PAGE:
Money Woes

money woes

“Money makes the world go ‘round” may be a great song title, but all it seems to do in your household is make things come to a screeching halt.

Let’s say it’s the holidays, and you can’t believe you and your wife/girlfriend/husband/boyfriend are fighting about money-again. She goes out and buys a ridiculous set of unbelievably expensive ornaments for the tree, which thank-you-very-much will only be seen for two weeks out of the entire year, and then she has a fit when she finds out you bought a remote control that allows you to coordinate the VCR, TV, and half a dozen household appliances, which is a darn sight more practical than her ornaments.  So, what’s the fuss?

It seems the two of you are forever spending on stuff that seems perfectly legitimate to each of you, yet you keep fighting over it.  The upshot is you’re getting deeper and deeper in debt, your credit cards are maxed out, and your paychecks seem to be getting smaller by the week.

But the worst of it is the distance the fights create between the two of you.  You used to be so close. And now all you seem to do is fight about money, which is pushing you further and further apart. What’s happening? Does money kill off all relationships? Can a relationship survive only if you’re wealthy?  Is your relationship doomed? You’re in agony.

Your concern is certainly legitimate.  Money fights do cause serious trouble in relationships, yet money can also be the very thing that makes a relationship stronger.

“Huh?!” you say, in shock.  Have I not heard a word you’ve said?  “Maybe a ton of money can make a relationship stronger, but certainly not the lack of it,” you tell me.

Actually, it isn’t the abundance, or the lack, of money that creates distance in a couple.  It’s how the couple views money and how they deal with it. Money can actually bring a couple closer and can restore a sense of togetherness.

“How?” you ask me, disbelieving.

By transforming money issues into a goal you choose for yourselves as a couple, you support, encourage, and empower each other to achieve.

Start by dreaming together

Ask each other, “What would we like to create as a money goal for ourselves?” Maybe you’d like to save up for a down payment rather than rent for the rest of your lives.  Maybe you’d like to take a real vacation together in some foreign land where you can’t even read the street signs. Or, maybe you’d like to start a small mail order business together.  Whatever your dream, explore and then decide on a dream you would like to achieve together as a couple.

Be sure to attach a date to when you’d like to have that dream.  “Someday” doesn’t qualify. Be willing to risk picking a date even if you end up changing it down the line.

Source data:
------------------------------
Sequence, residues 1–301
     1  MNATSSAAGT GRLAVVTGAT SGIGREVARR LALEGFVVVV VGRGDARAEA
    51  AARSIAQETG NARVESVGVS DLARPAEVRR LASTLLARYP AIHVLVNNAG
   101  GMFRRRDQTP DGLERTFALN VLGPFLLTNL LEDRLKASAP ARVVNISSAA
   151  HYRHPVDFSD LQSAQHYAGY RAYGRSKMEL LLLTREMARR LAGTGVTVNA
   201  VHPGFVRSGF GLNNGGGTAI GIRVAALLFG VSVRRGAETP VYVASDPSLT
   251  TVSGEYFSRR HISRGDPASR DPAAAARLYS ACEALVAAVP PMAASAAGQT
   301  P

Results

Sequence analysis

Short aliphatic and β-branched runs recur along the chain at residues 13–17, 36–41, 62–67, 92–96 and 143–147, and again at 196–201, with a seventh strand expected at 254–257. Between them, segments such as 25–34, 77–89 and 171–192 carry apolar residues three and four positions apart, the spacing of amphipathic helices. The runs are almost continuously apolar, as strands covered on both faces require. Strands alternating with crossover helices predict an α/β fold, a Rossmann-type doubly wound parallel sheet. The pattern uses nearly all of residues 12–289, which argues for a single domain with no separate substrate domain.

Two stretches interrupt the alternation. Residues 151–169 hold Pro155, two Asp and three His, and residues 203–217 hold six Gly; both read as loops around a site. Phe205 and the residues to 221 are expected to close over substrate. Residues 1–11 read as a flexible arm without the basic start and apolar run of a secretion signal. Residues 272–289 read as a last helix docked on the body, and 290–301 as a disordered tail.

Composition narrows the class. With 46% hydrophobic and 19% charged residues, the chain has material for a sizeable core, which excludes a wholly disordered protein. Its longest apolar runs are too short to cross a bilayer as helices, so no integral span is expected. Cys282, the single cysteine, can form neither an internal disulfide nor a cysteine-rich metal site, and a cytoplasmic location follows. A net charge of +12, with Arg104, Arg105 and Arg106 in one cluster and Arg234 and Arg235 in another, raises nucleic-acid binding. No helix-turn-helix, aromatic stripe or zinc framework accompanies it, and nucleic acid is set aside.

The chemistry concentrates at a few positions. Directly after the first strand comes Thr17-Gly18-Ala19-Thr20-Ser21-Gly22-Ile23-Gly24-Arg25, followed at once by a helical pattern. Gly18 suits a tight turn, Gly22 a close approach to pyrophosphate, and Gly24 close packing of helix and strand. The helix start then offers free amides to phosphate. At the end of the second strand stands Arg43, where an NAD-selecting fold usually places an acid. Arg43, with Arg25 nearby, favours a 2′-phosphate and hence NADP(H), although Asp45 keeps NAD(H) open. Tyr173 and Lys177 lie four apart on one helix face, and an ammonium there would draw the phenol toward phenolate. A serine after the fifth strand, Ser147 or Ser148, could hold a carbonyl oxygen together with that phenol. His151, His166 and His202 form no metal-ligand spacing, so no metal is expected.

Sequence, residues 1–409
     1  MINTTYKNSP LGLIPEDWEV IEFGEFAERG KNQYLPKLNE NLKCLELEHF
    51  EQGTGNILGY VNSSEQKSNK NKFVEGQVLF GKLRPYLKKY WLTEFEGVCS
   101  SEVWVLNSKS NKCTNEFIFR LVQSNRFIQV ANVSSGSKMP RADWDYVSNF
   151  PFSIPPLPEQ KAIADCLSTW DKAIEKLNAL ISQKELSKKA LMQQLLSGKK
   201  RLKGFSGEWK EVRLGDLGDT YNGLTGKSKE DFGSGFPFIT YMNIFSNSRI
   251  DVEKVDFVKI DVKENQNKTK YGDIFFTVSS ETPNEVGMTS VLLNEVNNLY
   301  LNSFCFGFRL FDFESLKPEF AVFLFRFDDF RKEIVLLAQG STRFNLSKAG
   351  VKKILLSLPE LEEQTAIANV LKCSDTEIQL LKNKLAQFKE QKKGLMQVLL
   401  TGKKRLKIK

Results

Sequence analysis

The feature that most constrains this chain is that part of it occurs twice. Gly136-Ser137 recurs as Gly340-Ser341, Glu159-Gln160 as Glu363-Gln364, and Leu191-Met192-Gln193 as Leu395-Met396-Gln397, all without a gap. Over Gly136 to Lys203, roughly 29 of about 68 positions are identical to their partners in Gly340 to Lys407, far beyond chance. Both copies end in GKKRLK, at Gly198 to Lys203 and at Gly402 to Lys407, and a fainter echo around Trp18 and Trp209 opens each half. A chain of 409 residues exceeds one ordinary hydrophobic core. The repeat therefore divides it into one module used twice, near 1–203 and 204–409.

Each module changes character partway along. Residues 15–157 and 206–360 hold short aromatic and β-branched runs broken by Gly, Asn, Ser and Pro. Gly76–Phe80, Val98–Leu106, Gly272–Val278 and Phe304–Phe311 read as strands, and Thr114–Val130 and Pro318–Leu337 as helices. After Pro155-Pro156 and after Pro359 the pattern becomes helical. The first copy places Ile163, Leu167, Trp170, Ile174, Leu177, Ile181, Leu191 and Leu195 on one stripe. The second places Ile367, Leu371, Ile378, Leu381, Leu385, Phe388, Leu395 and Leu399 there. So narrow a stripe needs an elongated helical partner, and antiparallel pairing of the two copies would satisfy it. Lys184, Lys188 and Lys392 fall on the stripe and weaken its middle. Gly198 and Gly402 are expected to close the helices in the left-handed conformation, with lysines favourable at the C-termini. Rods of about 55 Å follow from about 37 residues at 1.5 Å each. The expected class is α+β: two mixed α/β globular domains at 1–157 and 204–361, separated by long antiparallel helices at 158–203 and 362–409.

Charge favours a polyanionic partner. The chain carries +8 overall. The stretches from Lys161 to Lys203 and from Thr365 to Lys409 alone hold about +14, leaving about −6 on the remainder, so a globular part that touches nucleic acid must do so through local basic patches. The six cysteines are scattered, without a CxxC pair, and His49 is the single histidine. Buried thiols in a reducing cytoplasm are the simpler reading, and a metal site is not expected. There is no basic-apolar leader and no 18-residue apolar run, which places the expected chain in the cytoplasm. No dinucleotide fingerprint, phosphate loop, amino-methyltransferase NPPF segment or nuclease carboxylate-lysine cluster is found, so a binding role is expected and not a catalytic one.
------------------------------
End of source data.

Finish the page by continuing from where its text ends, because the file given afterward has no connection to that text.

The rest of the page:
Budget

Creating budgets for yourselves make sense.  Do your homework and figure out how much your dream will cost, and then work backwards: In order to save X$ in the next year, we can only spend Y$ on everything else.           

From there, budget your household and personal expenses.  Open a special account (or piggy bank) for your together-dream, so your savings are in a special place you can’t get at too easily.

[Some ways to save on expenses include going with a MVNO (Mobile Virtual Network Operator) provider for your cell phone (like, Tello or Ting Mobile), and dropping cable for streaming services (like Netflix)].

Support and empower each other to getting your dream

Cut out magazine pictures that remind you of your dream and put them up on the refrigerator door.  Have mini-celebrations together that celebrate getting that first $100 saved, the first $1,000 saved and so on.  Spend some time together dreaming about your dream, getting ready for when it really happens, and so forth.

Have a new dream ready as soon as you get close to achieving the first dream

Dreams build upon each other. Nurture and grow the closeness you will have created between each other in achieving your first dream by creating your next together-dream.

Money is a means to an end. Nothing more, nothing less. You can use it to be a joyous means to a wonderful end, or you can abdicate your responsibility to money, and let it run you (and your couplehood) right into the ground.  The choice is yours.


Noelle Nelson motivates, inspires and gives us the practical skills to achieve success, happiness, and the development of our “best” selves.  Visit www.dr.noellenelson.com for more information.

This article was first published in our September 2006 issue.

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